- Posted by Emily Oman
- On March 3, 2020
- 0 Comments
“Influencer” was the buzzword of 2019. Everyone either was an influencer, purchased a product endorsed by an influencer, or dedicated ad spend towards influencer marketing. Influencer marketing has become a key part of many consumer brands’ promotional strategies as it is considered more authentic to digital audiences, especially among Millennial and Gen Z demographics, than traditional advertising. According to Edelman’s 2019 Trust Barometer, 63% of consumers trust influencers more than brands’ own advertising. However, it is conservatively estimated that influencer fraud costs brands $1.3 billion a year.
What exactly is an influencer and when does influencer marketing have the potential to waste a brand’s money? According to Mediakix, an influencer is broadly defined as “social media personalities with loyal audiences that they earned by sharing content that inspires, entertains, informs, and connects them with their followers.” This broad definition includes several tiers like “nano” and “macro,” based on engagement and reach, which ultimately determines the influencer’s popularity and income. Investing in influencer marketing is tricky to navigate without the guidance of social media experts because influencers can create fake accounts, buy fake followers, and count followers who no longer engage. Most influencers don’t have access to 90% of their audiences, meaning, of course, that most followers will never see the content brands paid to promote. To break down the dollars into sense, a mega-influencer with millions of followers could earn $250,000 per post and about $37,000 of that money would be lost to fraud.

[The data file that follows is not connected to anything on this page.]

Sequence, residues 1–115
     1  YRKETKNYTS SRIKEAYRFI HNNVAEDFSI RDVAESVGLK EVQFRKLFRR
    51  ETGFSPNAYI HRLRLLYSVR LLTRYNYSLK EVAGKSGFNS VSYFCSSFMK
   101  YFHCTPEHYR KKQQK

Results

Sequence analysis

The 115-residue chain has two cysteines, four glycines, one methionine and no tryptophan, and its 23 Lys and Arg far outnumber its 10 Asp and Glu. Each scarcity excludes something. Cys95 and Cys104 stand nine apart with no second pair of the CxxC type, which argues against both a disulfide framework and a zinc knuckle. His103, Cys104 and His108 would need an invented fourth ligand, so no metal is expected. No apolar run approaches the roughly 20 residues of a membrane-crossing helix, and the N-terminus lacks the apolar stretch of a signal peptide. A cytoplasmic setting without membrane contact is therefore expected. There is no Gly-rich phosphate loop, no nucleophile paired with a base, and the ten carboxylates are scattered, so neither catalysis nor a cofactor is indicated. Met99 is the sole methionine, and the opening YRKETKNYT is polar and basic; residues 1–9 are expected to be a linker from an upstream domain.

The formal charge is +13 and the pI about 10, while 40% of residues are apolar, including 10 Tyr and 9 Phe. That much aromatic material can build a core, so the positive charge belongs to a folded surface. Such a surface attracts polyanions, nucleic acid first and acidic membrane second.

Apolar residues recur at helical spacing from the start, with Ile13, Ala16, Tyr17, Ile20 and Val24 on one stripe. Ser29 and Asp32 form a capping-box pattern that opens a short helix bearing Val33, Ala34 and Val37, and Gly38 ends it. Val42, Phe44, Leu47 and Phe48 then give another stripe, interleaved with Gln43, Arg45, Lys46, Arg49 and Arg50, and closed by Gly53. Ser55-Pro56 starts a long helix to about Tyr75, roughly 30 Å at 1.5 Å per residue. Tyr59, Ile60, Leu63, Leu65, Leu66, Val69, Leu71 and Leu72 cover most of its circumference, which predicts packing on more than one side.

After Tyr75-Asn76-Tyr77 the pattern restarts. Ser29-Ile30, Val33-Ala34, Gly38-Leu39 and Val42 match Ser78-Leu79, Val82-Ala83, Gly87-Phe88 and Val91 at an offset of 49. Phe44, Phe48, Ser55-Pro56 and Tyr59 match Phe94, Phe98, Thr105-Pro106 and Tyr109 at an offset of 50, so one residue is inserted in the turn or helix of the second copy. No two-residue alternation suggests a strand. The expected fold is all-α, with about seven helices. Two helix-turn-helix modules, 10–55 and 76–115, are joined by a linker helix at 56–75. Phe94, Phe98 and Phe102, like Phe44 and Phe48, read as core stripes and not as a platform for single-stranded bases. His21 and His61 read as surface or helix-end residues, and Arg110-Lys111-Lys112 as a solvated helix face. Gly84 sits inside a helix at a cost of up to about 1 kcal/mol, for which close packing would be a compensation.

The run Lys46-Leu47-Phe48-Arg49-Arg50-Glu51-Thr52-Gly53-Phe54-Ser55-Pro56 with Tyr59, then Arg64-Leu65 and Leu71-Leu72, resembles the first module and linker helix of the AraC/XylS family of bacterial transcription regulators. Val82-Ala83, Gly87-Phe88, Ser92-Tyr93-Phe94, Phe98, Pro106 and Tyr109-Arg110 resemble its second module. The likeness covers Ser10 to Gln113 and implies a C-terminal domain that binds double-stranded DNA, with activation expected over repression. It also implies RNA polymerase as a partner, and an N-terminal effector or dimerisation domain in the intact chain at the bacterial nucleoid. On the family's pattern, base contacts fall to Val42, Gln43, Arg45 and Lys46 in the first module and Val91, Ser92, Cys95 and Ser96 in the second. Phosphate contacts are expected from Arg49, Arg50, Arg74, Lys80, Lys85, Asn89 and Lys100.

So how do you protect your brand against influencer fraud? Red flags include recently created accounts with many followers but little engagement. Look for obvious discrepancies between how many followers an influencer has and the engagement on their page. Creating the illusion of followers is easy to do, but faking engagement is difficult. If you see 1 million followers on Instagram but posts have a minuscule 80 likes, be suspicious. Mittcom utilizes an “influencer rubric” to determine the costs and benefits of our clients’ potential influencer partnerships in addition to vetting for authenticity.
If you need help vetting influencers or managing your brand in a complex digital landscape, we’re here to help. Give us a call at 781-247-0730 or send an email to firstname.lastname@example.org.
Source: CBS News